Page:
Mark Madsen, head coach of Utah Valley University’s men’s basketball team, said he “could not be more proud” of NBA players’ refusal to participate playoff games last week in protest for racial justice.
Madsen published an article on his website on Friday, Aug. 28, in which he addressed the decision by the Milwaukee Bucks not to take the court for a game last Wednesday. The actions of the Bucks came after a Kenosha, Wisconsin police officer shot a Black man, Jacob Blake, seven times in the back, followed by several nights of protest and unrest in Kenosha. The rest of the NBA quickly followed suit by postponing all playoff games on Thursday. Major League Baseball and the National Hockey League joined in as well, with a number of teams canceling or postponing games.
In his article, Madsen wrote about how his nine years as a player in the NBA — a league in which people of color make up more than 80 percent of all players — helped him better understand the discrimination faced by so many Americans.
“Being white in a predominantly African American NBA, my eyes were opened to personal stories of many African American players who were treated badly on many occasions,” Madsen wrote. “I simply did not know that some of this treatment existed. I had not personally experienced these things and may never experience these things, but hearing the stories back then made me feel sad and it helped me to realize that despite how far we as a country have come, we still have miles to travel.”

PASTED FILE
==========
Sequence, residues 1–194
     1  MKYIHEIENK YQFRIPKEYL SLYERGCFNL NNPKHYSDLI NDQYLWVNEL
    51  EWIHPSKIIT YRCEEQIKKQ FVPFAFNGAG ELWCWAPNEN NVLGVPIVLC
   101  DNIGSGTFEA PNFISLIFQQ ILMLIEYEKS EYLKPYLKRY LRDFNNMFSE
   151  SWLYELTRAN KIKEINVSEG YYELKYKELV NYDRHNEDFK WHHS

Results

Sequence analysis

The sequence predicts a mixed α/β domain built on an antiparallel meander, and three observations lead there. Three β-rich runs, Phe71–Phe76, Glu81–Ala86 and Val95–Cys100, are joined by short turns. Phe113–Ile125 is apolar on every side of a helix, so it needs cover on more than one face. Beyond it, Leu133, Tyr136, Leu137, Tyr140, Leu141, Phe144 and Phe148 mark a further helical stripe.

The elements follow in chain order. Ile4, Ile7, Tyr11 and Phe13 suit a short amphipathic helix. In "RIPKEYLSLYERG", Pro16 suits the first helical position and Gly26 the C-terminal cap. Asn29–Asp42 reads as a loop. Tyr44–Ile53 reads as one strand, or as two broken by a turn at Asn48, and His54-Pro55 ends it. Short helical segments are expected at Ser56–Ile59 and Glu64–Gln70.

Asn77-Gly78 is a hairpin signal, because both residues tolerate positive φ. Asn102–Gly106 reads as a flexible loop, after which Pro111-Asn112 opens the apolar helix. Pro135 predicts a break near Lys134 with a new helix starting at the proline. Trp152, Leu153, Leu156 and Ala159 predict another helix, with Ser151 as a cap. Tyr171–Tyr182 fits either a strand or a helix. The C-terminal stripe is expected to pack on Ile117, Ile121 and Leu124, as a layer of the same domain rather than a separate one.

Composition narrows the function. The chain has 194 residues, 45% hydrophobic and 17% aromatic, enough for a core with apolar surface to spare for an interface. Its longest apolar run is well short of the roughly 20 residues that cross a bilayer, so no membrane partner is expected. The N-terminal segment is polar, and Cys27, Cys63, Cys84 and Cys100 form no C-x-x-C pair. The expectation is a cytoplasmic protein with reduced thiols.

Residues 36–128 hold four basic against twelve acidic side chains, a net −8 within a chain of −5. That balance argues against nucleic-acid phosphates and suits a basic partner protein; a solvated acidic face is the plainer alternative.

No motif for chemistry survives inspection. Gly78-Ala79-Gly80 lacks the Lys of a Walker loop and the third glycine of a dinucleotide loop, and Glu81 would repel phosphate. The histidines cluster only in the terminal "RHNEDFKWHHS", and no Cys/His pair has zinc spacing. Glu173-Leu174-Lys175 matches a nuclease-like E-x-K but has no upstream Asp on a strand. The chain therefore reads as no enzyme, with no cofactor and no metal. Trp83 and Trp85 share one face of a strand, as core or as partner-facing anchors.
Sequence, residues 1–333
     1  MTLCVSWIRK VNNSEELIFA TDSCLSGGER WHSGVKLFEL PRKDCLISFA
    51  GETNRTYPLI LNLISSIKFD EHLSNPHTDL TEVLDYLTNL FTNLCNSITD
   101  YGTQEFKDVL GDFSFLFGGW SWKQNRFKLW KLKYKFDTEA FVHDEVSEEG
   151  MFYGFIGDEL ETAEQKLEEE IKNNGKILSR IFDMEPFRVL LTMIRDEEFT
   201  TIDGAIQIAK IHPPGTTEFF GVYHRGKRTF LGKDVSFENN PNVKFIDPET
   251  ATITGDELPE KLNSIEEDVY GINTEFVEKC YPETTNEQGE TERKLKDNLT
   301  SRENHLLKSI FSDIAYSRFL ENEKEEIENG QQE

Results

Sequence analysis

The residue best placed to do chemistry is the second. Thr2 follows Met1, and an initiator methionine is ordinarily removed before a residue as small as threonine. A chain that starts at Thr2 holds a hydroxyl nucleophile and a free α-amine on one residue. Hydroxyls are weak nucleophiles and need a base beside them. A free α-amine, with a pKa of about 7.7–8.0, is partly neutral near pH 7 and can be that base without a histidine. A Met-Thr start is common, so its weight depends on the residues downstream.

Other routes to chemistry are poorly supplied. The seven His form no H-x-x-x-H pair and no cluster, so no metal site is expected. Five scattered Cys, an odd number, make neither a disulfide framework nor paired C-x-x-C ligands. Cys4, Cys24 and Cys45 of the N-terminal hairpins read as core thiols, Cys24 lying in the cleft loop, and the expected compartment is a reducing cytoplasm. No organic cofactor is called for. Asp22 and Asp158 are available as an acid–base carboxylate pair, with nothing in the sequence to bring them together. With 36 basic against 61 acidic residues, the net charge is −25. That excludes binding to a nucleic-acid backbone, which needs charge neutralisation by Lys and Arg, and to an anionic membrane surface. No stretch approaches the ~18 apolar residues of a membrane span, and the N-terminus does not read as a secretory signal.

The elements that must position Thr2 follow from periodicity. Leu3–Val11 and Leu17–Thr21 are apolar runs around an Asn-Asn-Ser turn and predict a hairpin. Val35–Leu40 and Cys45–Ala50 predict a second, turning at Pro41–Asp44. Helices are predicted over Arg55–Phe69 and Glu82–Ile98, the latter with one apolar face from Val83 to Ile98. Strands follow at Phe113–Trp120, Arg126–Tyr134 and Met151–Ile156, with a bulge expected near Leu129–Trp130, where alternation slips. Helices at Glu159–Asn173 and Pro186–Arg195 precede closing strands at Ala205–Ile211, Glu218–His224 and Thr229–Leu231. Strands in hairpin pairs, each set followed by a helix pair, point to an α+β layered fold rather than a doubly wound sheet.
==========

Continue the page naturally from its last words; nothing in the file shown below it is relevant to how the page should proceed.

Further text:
Madsen spoke to The Review about the experiences he saw second hand as a player and the racial reckoning the nation is going through. According to Madsen, conversations around race and discrimination have long been a part of the NBA. He recalled a former teammate who described his experience as, “being pulled over, ripped from his car by law enforcement, and held on the ground while weapons were brandished.”
In another incident, Madsen described a Minnesota Timberwolves teammate who was “distraught and exhausted” in the team’s locker room after having been “pulled over for no reason and … harassed by the police the night before.” Madsen said that he remembers multiple teammates who shared similar experiences that he chose not to discuss due to the personal nature of the stories.
“I had a lot of thoughts and feelings on the heart,” Madsen said, as to why he felt he should share his perspective. “This is a tough time in the country. I think I’m a little bit impacted by being from California. I have this image of Rodney King in my mind and that was 30 years ago. I felt pain. The Black community felt pain. The white community felt pain. If we don’t talk about it, we are doing ourselves a disservice.”
For Madsen, basketball didn’t just expand and diversify the people he was surrounded by, it gave him the chance to listen and empathize with others — something he implores everyone to spend more time doing.